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A Challenge: Taking Responsibility

“Take Responsibility.” This simple phrase has such a deep impact yet few people ever stop to ponder. Be a responsible adult, don’t go out drinking on a Wednesday night. Be a responsible citizen, don’t litter. Be a responsible employee, don’t spend all day on Facebook.
The purpose of responsibility is to really take ownership of one’s actions and decisions. Example: boredom. One of my friends loves the phrase “Bored people are boring,” but I like “Bored people are not taking responsibility for their current situation.”
Jane turns to Joe and says: “I’m bored.” Whose responsibility is it to cure Jane’s boredom? Joe’s? Jane is the person who is bored. Jane is the person who is making the decisions to be bored. Being bored is an excuse. It’s an excuse that propagates more boredom. Although the choice is generally not conscious, it is still a choice. She is choosing to not find something better to do.
For months, I have been plagued by the problem of boredom at work. I started a new position where my roles and responsibilities are incredibly vague as I am creating the position from scratch. Most people, even those with whom I work closely, do not know how I can be of use. Given little direction, I made the (unconscious) decision to slide into boredom. I used the excuse, "No one has given me a project,” to defend my boredom. I would tell my friends and family as if I had no other choice than to be bored. In reality, I was not taking responsibility for my boredom. In reality, I caused my plight and was refusing to take responsibility for my (in)actions. I made excuses instead of taking responsibility.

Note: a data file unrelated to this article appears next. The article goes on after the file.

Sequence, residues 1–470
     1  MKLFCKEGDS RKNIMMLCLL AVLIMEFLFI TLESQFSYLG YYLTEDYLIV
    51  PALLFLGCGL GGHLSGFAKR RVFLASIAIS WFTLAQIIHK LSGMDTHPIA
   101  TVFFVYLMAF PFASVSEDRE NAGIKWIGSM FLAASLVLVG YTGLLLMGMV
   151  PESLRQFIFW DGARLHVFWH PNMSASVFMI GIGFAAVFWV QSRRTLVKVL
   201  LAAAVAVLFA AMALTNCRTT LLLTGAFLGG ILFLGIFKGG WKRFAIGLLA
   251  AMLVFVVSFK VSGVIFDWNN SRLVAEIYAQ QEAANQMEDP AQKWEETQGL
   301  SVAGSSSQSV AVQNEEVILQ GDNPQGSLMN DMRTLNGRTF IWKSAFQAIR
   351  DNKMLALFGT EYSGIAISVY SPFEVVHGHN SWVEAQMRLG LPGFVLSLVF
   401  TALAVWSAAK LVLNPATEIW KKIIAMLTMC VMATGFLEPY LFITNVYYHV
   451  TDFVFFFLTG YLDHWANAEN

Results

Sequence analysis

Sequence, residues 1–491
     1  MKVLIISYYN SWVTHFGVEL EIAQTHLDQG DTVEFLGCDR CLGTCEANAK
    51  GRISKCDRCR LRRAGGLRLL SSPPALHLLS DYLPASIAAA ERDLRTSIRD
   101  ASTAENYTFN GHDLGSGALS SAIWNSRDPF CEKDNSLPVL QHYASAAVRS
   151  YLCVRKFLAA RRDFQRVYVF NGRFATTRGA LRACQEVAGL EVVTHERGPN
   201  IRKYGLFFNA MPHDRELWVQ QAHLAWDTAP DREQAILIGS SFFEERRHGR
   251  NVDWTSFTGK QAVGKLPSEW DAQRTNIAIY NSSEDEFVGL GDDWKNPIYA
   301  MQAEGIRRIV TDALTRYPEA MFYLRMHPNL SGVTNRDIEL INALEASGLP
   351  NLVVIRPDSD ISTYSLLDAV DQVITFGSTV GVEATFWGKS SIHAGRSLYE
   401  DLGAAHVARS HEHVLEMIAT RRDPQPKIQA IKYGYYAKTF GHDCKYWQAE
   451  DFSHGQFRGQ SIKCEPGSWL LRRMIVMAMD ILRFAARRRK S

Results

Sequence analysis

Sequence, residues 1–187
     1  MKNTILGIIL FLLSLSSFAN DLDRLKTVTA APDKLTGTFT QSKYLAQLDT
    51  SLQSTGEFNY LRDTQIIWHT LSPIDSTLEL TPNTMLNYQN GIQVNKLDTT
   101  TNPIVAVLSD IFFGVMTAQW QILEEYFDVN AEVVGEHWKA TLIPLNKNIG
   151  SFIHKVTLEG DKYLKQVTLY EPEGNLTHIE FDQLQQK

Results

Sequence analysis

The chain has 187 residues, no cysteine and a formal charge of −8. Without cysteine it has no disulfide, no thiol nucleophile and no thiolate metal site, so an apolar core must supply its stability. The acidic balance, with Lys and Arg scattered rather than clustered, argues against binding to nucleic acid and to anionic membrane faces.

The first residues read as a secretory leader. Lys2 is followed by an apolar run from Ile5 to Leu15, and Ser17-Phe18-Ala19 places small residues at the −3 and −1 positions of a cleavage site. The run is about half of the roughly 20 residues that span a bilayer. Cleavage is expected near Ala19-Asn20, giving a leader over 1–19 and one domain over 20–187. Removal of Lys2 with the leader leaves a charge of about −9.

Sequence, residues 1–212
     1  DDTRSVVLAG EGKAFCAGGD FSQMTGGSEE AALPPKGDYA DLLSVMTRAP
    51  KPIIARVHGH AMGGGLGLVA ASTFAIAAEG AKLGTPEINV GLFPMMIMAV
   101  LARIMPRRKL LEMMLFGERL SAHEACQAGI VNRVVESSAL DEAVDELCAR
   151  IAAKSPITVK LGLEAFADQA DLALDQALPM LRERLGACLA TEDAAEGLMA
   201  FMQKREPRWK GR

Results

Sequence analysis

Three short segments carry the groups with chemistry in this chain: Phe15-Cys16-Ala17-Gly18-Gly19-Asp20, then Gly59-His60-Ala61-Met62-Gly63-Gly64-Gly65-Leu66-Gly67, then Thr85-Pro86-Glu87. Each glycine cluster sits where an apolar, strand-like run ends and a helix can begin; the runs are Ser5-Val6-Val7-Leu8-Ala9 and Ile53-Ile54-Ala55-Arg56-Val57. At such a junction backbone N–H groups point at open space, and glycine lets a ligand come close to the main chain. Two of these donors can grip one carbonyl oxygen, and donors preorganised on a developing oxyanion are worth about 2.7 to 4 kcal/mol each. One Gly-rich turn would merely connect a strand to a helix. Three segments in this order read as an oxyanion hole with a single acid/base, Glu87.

Responsibility is such a simple idea yet very few of us actually take responsibility in our daily lives. Responsibility extends beyond finding projects at work or filling your spare time. It extends to our spending habits. It extends into our politics. Our society makes excuses, and I challenge you. Take responsibility.


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    Apr 27 2013: Taking responsibility of something you don't know about is usually not a good idea. If you are new to the job you need to find out what is needed. Typically in this situation people assume they know. The first thing to know is that you don't know.
    • Apr 30 2013: Pat,

      Taking responsibility requires recognizing what one knows and does not know. In my example, while I still do not know exactly what is required of me, it is my responsibility to find these things out, not the responsibility of my manager to tell them to me. By taking that responsibility upon myself, I can make sure that I succeed because no one else will.


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